Luxe Collective went on Dragons’ Den for investment (Picture: BBC)
Pitching an idea on Dragons’ Den looks terrifying.
Five successful businesspeople staring at you as you try to convince them that you’ve got a good idea is the kind of scenario that could throw off even the most confident individual.
Ben Gallagher has been there, done that and although he didn’t get the T-shirt, he did pocket £100,000.
Alongside brother and co-founder Joe Gallagher, as well as COO Oliver Millar, he secured investment in Luxe Collective – their brand which buys and sells vintage designer items – from Steven Bartlett in exchange for 3% of the company.
It was described by some viewers of the BBC series as the best negotiation in Dragons’ Den history as they remained strong in their position of only wanting to sell a small amount, and now Ben has reflected on the whole experience with Metro.co.uk.
Firstly, he wanted to get something clear – the dragons which also include Deborah Meaden, Peter Jones, Sara Davies, and Touker Suleyman, are not as scary as their name or reputation.
‘They are all absolutely lovely but told to be stern,’ he explained.
Ben reckons the way their face reacts to business ideas is purely for the BBC series.
‘You can see they’ve been told to do a facial expression when someone’s saying something, so the cameras can get that reaction.
‘They are super skilled at being about to communicate so the average person can understand it, and the faces are a part of that.
‘The stuff they say it’s very thoughtful, very knowledgeable and it’s coming from a good place, but there are some extra bits there that are for the show to make it more dramatic.’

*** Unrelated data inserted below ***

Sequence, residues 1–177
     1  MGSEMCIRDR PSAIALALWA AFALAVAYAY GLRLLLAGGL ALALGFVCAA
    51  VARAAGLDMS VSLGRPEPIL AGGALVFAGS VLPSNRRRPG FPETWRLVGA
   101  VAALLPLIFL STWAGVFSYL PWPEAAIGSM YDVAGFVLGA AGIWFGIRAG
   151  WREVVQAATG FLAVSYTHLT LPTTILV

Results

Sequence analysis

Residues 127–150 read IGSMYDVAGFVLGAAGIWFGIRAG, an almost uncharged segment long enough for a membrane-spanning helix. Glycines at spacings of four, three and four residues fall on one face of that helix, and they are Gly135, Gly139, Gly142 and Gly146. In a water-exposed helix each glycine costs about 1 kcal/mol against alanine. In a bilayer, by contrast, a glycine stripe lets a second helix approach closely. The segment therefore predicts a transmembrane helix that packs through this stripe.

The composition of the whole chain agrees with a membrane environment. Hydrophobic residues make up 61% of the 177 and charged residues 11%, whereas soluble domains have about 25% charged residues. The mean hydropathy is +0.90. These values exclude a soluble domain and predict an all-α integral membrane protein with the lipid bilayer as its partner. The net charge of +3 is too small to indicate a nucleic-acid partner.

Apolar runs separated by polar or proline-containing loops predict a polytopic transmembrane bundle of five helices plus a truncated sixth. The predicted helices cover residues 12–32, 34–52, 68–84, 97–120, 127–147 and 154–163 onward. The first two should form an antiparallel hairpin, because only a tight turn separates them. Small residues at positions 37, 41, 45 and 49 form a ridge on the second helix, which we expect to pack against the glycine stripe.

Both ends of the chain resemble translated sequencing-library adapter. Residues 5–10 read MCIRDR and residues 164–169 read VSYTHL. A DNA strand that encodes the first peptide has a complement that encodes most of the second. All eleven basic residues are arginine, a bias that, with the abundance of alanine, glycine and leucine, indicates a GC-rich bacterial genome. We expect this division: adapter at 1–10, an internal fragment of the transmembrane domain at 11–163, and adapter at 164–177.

Ben reckons the facial expressions are exaggerated (Picture: BBC)
Ben’s enthusiasm meant that he kept moving from the spot where entrepreneurs are supposed to stand, and this led to the dragons even showing their humour.
‘I was told by producers to return to the X on the floor five or six times. Whenever I would step closer to dragons, they would put their hands over their money as if I was about to steal it and we’d all laugh.
‘If I could still be in there I would. I was in my element and it was just so nice. It was one of the best experiences of my life so far,’ he excitedly told us.
The dragons were so lovely that Ben found it difficult to turn them down.
‘They didn’t show it, but I found it hard to say no to Deborah when she also made us an offer. I felt so guilty that I couldn’t say the word, but she was lovely and understood it.’
Ben struggled to say ‘no’ to Deborah (Picture: BBC)
For Ben, it was always going to be Steven, 31, as he has a personal connection to the entrepreneur.
‘I subconsciously targeted my pitch at Stephen because he was the person I wanted all along.
‘When I was at college, I was kind of losing direction. I’m smart but I wasn’t doing well. I was regularly missing lessons to deliver shoes as I’d already started this business.
‘All my friends were getting ready to go to university, and that wasn’t my path. I decided to focus on Luxe Collective and stay at home in Liverpool living in my parents’ house.
‘One day I came across Steven’s podcast Diary of the CEO and I became obsessed with his message. He guided me as I grew my business.
‘I got to tell him how much he helped him, and with our numbers too, he had no option but to invest.’
The brand could proudly boast that since incorporating the business in December 2020, they’ve seen sales revenue exceed £8.5 million, which is pretty impressive for a business that was started after being inspired by a parent buying their child vintage trainers for Christmas.